Saturday, June 25, 2011

Even More Bean Information - Who knew there was so much to know about the lowly bean

yield  - 1 c. of dry = 21/2 to 3 c. cooked beans 
bean : water ratio 
1 c. beans : 4 c. water 

Soaked enough? Slice a bean in half. If the center is opaque, soak more. 

Cooked enough? A bean is fully cooked when you can mash it with a fork. 

buying guide: 
Good beans: smooth and bright. 
Old bean: cracked seams, dull, wrinkled. (The older the bean, the longer the cooking time.) 

most difficult beans to digest: 
navy, lima, whole cooked soybeans 

easiest beans to digest: 
Anasazi, adzuki, black eyed peas, lentils and mung 

The following comes from a newsletter put out by the Wooden Spoon, December 2006. 
“In a recent cooking class at The Wooden Spoon we were discussing the shelf life of legumes, which is recommended as 6-8 plus years. True confessions were coming from our students, some of whom inherited their mother's food storage . . 
“We determined on an experiment. 

“Charleen Clark told us that she knew she had beans that were at least 40 years old, and accepted the assignment to go home and see what she could do with them. [She] added 1/8 tsp. baking soda and 1 tbsp. cooking oil to a cup of beans while soaking them in three times as much water. She put the beans to soak on a Saturday morning and left them for thirty-two hours, until she observed that the forty year old beans were beginning to sprout! Charleen drained the rinse water, cooked the beans, and brought them to class. 

“Christine Van Wagenen, teacher and cook extraordinaire, put her discriminating palate to the test and sampled a bean and declared the results to be a marvel.“ 


Nutritious, filling, versatile, economical, and tasty - sounds like the perfect food! 

Sorting means picking over the dried beans before cooking them. Remove small rocks, pieces of dirt, beans with holes, badly misshapen or wrinkled beans and those greatly undersized or discolored. 

Washing is not part of the packing process because water would rehydrate the beans. Do not rinse beans until you are ready to soak or cook them. Even then you do not have to rinse beans if you're going to soak them. Any field dust will be removed and discarded with the soak water. If you cook the beans without soaking, rinse them after sorting. 

Soaking is not essential in bean preparation. Beans are soaked to begin rehydration and reduce cooking time.. 
During soaking, beans increase two to three times their dried size. Enough water must be used to keep the beans covered while soaking. Once rehydrated, beans cook in 1 to 3 hours, depending on the type of bean.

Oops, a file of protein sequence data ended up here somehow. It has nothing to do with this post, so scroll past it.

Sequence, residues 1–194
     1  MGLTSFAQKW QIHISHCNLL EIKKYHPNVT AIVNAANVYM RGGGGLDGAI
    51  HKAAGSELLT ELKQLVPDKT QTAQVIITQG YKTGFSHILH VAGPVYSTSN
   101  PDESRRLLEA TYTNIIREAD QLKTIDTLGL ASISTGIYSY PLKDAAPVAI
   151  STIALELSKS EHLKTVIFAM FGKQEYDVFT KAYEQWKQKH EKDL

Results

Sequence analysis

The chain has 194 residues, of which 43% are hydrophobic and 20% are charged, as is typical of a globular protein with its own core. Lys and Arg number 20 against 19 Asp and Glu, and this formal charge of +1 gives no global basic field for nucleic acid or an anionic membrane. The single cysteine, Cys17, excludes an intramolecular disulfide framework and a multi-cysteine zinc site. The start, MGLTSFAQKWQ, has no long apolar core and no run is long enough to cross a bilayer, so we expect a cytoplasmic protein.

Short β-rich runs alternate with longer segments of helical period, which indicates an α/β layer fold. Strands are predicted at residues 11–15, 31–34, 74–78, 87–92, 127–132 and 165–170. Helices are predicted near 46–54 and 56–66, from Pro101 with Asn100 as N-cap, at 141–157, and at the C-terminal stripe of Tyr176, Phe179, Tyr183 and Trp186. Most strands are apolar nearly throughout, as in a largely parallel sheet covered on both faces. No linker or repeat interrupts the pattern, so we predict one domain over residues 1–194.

Cooking Without Soaking 
To cook beans without soaking, use twice the amount of cooking water specified in the recipe. Combine the water and rinsed beans in the pot and bring to a boil. Cover the pot and reduce the heat to maintain a simmer. The beans rehydrate while cooking so you will have to watch them carefully and add more water whenever necessary to keep them covered. 

Things to avoid when cooking dry beans

Add only after beans are soft - The following items will toughen uncooked beans and noticeably increase cooking time. 
salt / unrefined sea salt, miso, tamari, soy sauce, sugars, acidic ingredients, including tomatoes, vinegar, and lemon.

Baking soda? 
Many recipes call for baking soda to speed cooking and soften beans by increasing alkalinity. Use it only if you have extremely hard water. Baking soda will produce mushy beans, and deplete minerals. 


PROTEIN: Dry beans are the richest source of vegetable protein (21-27% when cooked). Combining beans with a small amount of animal protein such as meat, cheese, or egg or small amounts of grain (corn, wheat, or rice) will create a complete protein equal to that of meat and other animal sources. Protein is important for human health because it supplies the materials for building and repairing body tissues – muscles, bones, glands, skin, and teeth. Beans consistently rank lowest of all foods in cost per gram of protein, according to the USDA. 

ENERGY: Beans have long been valued as an energy source. Complex carbohydrates in dry beans digest more slowly than simple carbohydrate foods thereby satisfying hunger longer. One half cup of cooked beans contains 118 calories or less. 

VITAMINS: A normal serving of cooked dry beans supplies as much as 40% of the minimum daily requirement of the B-vitamins, thiamine and pyridoxine, and significant amounts of other B-vitamins. The B-vitamins are important in contributing to healthy digestive and nervous systems, skin, and eyes. 

MINERALS: Iron to build red blood cells, calcium and phosphorus for strong bones and teeth, and potassium, which is important in regulating body fluid balance, all plentiful in dry beans. Beans are high in fiber, contain no cholesterol, and are low in sodium. Sodium content is low so, when cooked without salt, they are good in low-salt diets.

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